"Right now, we have a 21st century economy, but we've still got a government organised for the 20th century," Obama said. "Over the years, the needs of Americans have changed, but our government has not. In fact, it's gotten even more complex. And that has to change."
On government reorganisation, Obama wants a guarantee from Congress that he could get a vote within 90 days on any idea to consolidate federal agencies, provided it saves money and cuts the government. His first order of business would be to merge six major trade and commerce agencies into one — eliminating, among others, the Commerce Department.
The US president is promising new tax incentives for businesses that bring jobs to the US instead of shipping them overseas. AP
The proposal is in part a challenge to congressional Republicans since it embraces the traditional Republican goal of smaller government, and Obama called on Congress to back him.
"These changes will make it easier for small-business owners to get the loans and support they need to sell their products around the world," he said.
Obama is also promising new tax incentives for businesses that bring jobs to the US instead of shipping them overseas, and he wants to eliminate tax breaks for companies that outsource.
"You've heard of outsourcing — well, this is insourcing," said Obama. "And in this make or break moment for the middle class and those working to get into the middle class, that's exactly the kind of commitment to country that we need."
Obama went so far as to bring several US-made products to display in his weekly video — a padlock, a candle, some socks and a pair of boots — to demonstrate his commitment to made-in-America manufacturing.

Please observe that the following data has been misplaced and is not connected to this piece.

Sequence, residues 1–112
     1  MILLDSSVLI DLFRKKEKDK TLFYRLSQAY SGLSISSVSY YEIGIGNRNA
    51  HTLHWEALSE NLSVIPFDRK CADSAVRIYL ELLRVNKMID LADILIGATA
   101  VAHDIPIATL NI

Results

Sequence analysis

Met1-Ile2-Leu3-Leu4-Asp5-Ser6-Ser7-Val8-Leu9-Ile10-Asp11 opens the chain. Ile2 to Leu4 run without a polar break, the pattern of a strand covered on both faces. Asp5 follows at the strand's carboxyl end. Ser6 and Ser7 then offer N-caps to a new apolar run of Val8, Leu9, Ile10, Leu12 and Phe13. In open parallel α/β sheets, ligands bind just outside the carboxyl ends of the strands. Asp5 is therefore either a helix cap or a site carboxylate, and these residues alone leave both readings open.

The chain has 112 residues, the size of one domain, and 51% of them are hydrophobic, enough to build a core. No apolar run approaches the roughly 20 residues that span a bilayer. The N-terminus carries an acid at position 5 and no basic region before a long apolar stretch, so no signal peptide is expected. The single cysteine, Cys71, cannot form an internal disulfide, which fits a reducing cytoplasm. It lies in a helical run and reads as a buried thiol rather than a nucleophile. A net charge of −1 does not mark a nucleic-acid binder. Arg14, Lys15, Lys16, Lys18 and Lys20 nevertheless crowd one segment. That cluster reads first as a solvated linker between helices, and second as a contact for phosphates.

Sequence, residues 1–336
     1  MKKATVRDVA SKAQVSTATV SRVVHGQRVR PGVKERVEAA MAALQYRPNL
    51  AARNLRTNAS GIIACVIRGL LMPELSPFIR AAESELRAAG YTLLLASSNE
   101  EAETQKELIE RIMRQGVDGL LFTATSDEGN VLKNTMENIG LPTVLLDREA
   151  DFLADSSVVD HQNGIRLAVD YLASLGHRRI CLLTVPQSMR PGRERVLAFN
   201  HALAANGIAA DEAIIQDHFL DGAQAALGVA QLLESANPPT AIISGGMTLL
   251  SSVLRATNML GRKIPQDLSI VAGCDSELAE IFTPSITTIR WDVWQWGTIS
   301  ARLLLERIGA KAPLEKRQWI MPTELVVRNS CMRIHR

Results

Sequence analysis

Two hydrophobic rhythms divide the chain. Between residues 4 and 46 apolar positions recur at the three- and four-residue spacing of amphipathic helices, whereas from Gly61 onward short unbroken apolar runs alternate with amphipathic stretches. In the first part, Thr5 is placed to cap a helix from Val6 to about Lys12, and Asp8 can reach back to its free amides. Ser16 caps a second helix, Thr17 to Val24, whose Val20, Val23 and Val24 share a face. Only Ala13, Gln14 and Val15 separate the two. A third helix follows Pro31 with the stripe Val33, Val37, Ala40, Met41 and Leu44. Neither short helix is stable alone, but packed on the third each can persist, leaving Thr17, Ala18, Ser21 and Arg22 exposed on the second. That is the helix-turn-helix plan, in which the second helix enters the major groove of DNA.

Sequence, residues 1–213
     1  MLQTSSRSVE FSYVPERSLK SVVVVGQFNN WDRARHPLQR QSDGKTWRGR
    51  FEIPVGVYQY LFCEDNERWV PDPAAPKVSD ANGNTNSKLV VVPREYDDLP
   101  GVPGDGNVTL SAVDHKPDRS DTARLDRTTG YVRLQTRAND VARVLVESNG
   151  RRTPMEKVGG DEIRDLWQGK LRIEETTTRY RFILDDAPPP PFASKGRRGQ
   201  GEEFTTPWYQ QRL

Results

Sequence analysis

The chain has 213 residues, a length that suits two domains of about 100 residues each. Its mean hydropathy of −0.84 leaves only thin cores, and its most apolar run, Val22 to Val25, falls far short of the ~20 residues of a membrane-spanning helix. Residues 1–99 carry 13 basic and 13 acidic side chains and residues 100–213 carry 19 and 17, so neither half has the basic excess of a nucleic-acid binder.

Republicans used their weekly address to promote the Keystone XL project to carry oil from Canada to Texas Gulf Coast refineries. Under a Republican-written provision Obama signed into law just before Christmas as part of an unrelated tax bill, the president faces a 21 February deadline to decide whether the $7 billion pipeline is in the national interest.
The Republican Party is pounding Obama over the issue, saying it's a question of whether he wants to create jobs and import energy from a close friend and ally — or lose jobs and see Canadian oil go to Asia instead.
"If the Keystone XL pipeline isn't built, Canadian oil will still be produced and transported," said Republican Sen. John Hoeven. "But instead of coming to our refineries in the United States, instead of creating jobs for our people, instead of reducing our dependence on Middle Eastern oil and keeping down the cost of fuel for American consumers — that oil will be sent to China."
Obama had sought to delay the project and the State Department has warned the deadline doesn't leave it enough time for necessary reviews. Hoeven accused Obama of turning his back on American workers if he fails to approve it.

14 JAN, 2012, 04.18AM IST, DEEPSHIKHA SIKARWAR,ET BUREAU

Government to ensure PSUs meet investment promises



NEW DELHI The government will include commitment on investments in the annual performance agreements it signs with state-run companies to pressure them to execute promised projects.

This was decided at a meeting called by the principal secretary to Prime Minister Manmohan Singh to review the investment plans of central public sector enterprises.

With growth concerns taking precedence now, the government is counting on investments by state-run companies to provide stimulus to the economy.